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## Neck-and-neck race?

Can you call a race whose main objective is to drop back as little as possible still a neck-and-neck race? Wouldn’t butt-to-butt race be more appropriate?

For this is the case when you look at member numbers of the political parties in Germany – the SPD dropped from its top of one million in 1976 to 531,737 at the end of May and 529,994 at the end of June, the CDU from 750,000 after the wall was torn down to 531,299 at the end of May, and they now gloat about having more members than the SPD (and want to publish exact figures on Monday). Update: It’s 530,755.

And some news sites call that a neck-and-neck race…

## Percentage calculation problems or The shrunken bodies

Statista is always worth a look if you’re no statistics hater (and speak German). Today’s stats of the day about the question “How tall are you?” (» filtered by sex), and 22358 adult Germans had been asked.

The unfiltered overview shows 2.9% for the really big ones (to which I also belong, thanks to my 190 cm), rounded on top of the bars for clarity:

(190 cm and taller: 2.9%)

You can also enter a number to compare to – and the result is:

Your reply: 190.0 cm
98.0% are smaller than 190 cm.
2.0% are like you taller than 190 cm.

Oops, did 0.9% of the people suddenly shrink? Or how else could this result be explained then? And why “are like you taller than 190 cm”?

If I enter 189 cm for testing purposes, I get: “96.8% are smaller than you. 3.2% are taller than you.” So nobody is 189 cm tall? Are 0.3% 189 cm tall and 2.9% taller, or 1.2% 189 cm and 2.0% taller? For 154 cm, the numbers “2.2%/97.8%” are reported, basically matching the bar graph, but here, too, with the words “smaller” and “taller” without mentioning the size of exactly 154 cm.

Well, apparently there’s room for improvement… but the title still says “BETA”. Let’s see if the error report that I sent them (they got a special link for that) will have any effect.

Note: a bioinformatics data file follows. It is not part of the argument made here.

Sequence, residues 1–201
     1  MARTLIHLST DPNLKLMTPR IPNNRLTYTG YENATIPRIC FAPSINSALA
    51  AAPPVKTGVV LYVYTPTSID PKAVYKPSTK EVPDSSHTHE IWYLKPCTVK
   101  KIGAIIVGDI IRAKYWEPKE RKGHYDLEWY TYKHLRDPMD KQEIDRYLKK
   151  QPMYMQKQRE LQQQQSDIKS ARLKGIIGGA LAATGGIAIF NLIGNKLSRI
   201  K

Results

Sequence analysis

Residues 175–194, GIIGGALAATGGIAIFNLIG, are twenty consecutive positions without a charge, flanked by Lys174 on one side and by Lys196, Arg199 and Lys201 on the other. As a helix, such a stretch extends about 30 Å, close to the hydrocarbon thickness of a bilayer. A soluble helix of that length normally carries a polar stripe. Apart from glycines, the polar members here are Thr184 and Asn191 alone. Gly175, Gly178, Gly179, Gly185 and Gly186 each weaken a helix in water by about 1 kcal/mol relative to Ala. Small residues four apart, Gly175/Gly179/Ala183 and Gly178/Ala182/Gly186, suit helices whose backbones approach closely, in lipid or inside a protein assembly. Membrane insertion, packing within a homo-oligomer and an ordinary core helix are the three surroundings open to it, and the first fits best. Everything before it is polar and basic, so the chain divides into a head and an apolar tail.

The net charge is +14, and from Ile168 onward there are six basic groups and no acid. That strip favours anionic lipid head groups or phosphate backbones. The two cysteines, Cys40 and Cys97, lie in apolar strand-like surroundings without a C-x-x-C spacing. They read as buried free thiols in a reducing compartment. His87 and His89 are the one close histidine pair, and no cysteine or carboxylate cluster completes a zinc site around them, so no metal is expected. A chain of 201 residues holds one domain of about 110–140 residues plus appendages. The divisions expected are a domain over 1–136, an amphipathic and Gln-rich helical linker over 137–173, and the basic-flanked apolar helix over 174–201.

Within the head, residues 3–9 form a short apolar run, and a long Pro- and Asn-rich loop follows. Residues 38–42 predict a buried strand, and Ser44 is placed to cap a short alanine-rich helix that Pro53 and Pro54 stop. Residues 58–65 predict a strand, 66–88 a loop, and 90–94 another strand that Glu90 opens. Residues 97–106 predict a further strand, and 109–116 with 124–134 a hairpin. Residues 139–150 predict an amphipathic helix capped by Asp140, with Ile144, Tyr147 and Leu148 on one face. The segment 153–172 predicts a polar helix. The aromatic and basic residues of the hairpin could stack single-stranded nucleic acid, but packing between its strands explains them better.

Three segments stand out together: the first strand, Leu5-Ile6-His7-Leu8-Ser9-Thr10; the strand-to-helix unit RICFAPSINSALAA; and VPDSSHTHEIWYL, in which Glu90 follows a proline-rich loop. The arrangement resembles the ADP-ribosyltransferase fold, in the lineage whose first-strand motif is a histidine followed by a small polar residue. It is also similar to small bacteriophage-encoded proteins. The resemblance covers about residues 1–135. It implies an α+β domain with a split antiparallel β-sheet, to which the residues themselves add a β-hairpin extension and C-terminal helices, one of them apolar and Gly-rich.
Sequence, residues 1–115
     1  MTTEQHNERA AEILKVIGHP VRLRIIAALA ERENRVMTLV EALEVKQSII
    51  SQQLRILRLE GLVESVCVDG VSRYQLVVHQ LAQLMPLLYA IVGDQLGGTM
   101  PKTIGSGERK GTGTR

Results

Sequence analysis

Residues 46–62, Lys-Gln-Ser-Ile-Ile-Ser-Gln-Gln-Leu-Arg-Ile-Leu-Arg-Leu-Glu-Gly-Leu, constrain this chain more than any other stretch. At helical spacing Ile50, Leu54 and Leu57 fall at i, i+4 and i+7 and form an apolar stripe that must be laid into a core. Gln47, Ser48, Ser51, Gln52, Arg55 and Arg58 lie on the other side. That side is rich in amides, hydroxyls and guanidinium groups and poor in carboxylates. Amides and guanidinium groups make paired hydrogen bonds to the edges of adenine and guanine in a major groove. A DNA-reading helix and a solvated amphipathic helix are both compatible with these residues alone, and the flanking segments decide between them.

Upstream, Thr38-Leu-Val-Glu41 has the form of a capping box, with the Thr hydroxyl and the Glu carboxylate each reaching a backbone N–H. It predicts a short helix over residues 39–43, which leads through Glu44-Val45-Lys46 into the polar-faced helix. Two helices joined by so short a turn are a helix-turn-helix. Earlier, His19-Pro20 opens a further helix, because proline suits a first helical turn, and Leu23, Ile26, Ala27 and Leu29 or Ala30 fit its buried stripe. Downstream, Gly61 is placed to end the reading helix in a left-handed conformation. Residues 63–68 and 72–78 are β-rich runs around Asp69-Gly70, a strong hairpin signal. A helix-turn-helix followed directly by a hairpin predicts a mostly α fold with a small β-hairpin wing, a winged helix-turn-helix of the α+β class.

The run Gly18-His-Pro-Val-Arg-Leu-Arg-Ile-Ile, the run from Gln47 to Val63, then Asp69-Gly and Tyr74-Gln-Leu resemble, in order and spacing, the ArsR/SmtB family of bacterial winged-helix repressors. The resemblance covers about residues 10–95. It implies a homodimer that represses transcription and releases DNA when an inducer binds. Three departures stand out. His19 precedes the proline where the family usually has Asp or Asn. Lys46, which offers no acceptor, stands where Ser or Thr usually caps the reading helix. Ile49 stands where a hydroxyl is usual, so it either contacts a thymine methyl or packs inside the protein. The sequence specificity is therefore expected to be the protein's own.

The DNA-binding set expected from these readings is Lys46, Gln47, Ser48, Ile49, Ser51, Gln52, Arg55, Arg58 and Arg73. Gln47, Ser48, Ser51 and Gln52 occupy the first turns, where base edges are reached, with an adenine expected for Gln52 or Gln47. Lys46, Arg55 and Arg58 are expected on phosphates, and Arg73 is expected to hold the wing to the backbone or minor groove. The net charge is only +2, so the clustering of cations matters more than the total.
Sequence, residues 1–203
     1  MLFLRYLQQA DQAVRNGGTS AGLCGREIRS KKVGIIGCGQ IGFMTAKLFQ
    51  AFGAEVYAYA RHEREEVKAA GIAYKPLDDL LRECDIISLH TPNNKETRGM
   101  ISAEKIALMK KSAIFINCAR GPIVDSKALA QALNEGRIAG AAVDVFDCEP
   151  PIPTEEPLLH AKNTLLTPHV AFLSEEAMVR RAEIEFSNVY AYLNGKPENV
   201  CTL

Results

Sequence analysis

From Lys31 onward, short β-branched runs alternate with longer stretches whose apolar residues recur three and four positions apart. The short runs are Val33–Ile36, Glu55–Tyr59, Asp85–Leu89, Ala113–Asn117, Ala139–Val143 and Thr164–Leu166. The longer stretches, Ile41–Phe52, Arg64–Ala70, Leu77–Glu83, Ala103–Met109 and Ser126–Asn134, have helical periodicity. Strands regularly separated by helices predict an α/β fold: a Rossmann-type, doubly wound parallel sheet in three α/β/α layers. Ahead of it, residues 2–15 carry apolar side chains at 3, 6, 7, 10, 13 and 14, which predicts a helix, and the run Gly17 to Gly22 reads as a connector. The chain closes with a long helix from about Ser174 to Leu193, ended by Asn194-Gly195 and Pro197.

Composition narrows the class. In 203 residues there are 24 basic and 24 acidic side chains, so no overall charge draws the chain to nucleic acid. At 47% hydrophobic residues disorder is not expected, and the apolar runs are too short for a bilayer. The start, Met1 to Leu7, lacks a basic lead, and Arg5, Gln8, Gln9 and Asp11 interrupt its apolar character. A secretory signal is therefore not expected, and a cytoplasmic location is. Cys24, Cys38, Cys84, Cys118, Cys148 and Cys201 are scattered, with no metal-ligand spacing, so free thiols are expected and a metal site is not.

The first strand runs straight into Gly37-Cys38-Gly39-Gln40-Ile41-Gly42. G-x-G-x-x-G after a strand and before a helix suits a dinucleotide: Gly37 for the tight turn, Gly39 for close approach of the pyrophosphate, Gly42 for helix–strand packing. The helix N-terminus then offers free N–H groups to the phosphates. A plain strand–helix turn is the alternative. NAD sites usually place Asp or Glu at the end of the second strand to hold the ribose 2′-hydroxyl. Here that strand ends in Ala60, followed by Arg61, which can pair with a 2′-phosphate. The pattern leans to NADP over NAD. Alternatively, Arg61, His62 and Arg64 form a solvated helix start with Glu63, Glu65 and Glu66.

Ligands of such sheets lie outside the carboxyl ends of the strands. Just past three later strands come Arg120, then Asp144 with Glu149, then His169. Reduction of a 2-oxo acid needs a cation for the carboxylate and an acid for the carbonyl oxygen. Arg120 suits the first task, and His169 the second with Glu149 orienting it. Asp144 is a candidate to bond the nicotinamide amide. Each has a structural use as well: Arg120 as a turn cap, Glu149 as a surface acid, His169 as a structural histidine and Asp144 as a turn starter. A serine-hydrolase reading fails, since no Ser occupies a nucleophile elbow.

## False traffic

I was wondering several weeks ago why the “raw” access counter for my music quote list was going through the roof (and the usage statistics showing unusual changes) without similar increases in “real” visitor numbers, but did not pursue this matter further yet. Earlier this month, a post about spam protection on Holy Shmoly! (whose feed is also included in the WordPress dashboard) also mentioned additional traffic caused by the AVG LinkScanner – an additional program of AVG’s virus scanner which loads all links on search engine results paged beforehand and checks them for malicious code and scripts. AVG Watch has all the background information on that.

At first, this doesn’t sound too bad an idea, however it generates lots of traffic without the found pages actually being read by someone – it would really be sufficient to check the pages when accessing them… And this additional traffic and the tampering of statistics it caused – statistics that have financial consequences for professional sites, and statistics analysts could, at best, only react with some delay on these effects – was what drove many webmasters crazy.

Now, basically, I got unlimited traffic included in my little shared hosting package (though I don’t need to test how unlimited that actually is) and the server didn’t seem to crash under the load, and I certainly wasn’t going crazy – but I did want to have a closer look and of course see whether it really was this AVG LinkScanner that caused the access increase I had noticed. So I grabbed my logfiles and analyzed them for the four different referrers characteristic for AVG – the following chart shows the result for the aforementioned music quote list, which is the post that got the (relative) majority of search engine referrals by far, especially for English sentences (click for large version with longer period):

Accesses according to WordPress.com stats (visitors with JavaScript)*
All other normal accesses (search engine robots, visitors without JavaScriipt)*
Various LinkScanner referrers
Redirections using .htaccess
* both without my own accesses

Meaning of the labelled days:
1: Public release of the new AVG version with LinkScanner on April 23.
2: Holy Shmoly! reports, and I add the .htaccess redirections.
3: Small change in redirection, thus letting through a few again.

So we see: The LinkScanner caused up to 1000 additional accesses per day for this post, up to 7 times of real visitor numbers. By the way, it read the page itself (PHP and database accesses) and all JavaScript files linked in it each time (and often a particular GIF image, for whatever reason).

In the mean time – AVG changed LinkScanner’s behavior – the “false traffic” has decreased greatly again.

But it actually had a positive side effect: You could get a little rough impresion of how often your site shows up on the search result pages without the users clicking them…